At least 55 animal types displaced in UK due to climate change

‘We are currently massively unprepared for the climate-driven movement of species’

The European bee-eater bred in the UK in 2014 and 2017. Photograph: Getty Images

The European bee-eater bred in the UK in 2014 and 2017. Photograph: Getty Images

 

At least 55 land-based and marine animals have moved to parts of the United Kingdom outside their natural range or arrived in the UK in the 10 years between 2008 and 2018, a study from the Zoological Society of London has found.

They include purple herons, which have bred successfully for the first time in Kent in 2010, and European bee-eaters which bred in the UK in 2014 and 2017.

Social media helped scientists to reveal dozens of animals, from birds to bats, are on the move in the UK or are new arrivals as a result of climate change.

Jersey tiger moths have spread from the Channel Islands and south coast to London, while red mullet and greater horseshoe bats have also been displaced by climate change.

The black bee fly was the only species identified as having entered the UK for the first time and become established since 2008, with the first record in Cambridgeshire in 2016 when it was found on a bug-hotel in a garden.

The study analysed UK government environment reports and 111 scientific papers to find species that were on the move as a result of rising temperatures.

Researchers also performed Twitter and Google searches for terms including “unusual species” and “first sighting” for the countries of the UK to find where people had posted images online of the animals in unusual places.

About 10 of the 55 species were identified thanks to social media, the research published in the Journal of Applied Ecology shows.

The research, which focused only on species that had established sustainable new populations through natural movement, said of the 55 species identified, 16 (29 per cent) are known to have negative impacts on nature or people.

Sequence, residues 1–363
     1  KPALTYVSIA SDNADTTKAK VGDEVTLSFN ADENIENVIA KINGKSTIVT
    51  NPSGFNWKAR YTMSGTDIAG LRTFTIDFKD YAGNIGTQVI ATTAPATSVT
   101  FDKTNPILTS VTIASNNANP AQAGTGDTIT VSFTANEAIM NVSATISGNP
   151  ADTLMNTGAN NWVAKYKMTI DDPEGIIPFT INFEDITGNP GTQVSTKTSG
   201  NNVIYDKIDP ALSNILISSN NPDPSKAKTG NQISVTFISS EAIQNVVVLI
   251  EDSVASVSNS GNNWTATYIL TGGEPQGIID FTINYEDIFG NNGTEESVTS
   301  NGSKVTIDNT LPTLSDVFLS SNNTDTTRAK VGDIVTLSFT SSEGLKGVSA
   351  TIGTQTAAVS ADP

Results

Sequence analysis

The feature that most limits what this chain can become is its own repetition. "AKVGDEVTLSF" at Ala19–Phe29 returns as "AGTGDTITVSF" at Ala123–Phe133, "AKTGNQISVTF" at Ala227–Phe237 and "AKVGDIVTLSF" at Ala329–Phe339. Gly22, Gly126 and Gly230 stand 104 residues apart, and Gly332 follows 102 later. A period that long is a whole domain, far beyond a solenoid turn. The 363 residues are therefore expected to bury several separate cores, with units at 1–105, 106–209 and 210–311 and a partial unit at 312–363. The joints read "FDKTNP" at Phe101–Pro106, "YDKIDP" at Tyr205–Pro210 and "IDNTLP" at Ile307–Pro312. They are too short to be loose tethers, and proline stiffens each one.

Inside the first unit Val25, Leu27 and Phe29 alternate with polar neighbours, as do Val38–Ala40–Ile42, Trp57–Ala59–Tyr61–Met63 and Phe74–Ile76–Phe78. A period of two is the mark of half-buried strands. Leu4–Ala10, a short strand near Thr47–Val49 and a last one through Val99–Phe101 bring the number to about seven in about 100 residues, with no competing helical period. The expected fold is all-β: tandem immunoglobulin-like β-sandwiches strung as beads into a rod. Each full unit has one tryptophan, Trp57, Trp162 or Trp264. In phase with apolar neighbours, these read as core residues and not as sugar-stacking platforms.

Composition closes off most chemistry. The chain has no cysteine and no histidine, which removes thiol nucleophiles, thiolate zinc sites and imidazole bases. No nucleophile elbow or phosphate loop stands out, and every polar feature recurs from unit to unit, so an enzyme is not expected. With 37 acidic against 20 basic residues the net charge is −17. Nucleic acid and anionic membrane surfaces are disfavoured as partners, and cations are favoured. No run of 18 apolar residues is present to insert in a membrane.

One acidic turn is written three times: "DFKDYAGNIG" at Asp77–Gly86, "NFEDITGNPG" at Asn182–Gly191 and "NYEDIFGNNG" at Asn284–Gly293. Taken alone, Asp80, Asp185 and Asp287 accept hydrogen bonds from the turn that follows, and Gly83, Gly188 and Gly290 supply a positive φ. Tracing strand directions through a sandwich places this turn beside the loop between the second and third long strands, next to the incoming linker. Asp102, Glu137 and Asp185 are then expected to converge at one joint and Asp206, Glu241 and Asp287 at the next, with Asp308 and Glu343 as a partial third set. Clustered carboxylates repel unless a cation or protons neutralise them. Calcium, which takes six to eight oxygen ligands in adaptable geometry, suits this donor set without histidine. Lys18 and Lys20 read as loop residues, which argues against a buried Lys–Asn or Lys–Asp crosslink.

They include crop pests such as the box tree moth and oak borer beetle.

A further 11 species (20 per cent) were reported to have potentially positive impacts, such as increasing tourism or boosting fish stocks.

Dr Nathalie Pettorelli, lead author and senior research fellow at ZSL’s Institute of Zoology, said: “We are currently massively unprepared for the climate-driven movement of species that is happening right now in the UK.

“As it stands, society is not ready for the redistribution of species, as current policies and agreements are not designed for these novel species and ecological communities — particularly if those species have no perceived value to society.

“Our results suggest that many species are on the move in the UK, and that we can expect a lot of changes in the type of nature we will have around us in the coming years.

“But the lack of an integrated national platform dedicated to tracking and communicating about species displaced by climate change is currently a hindrance to mitigating those potential ecological, economic and societal associated impacts.”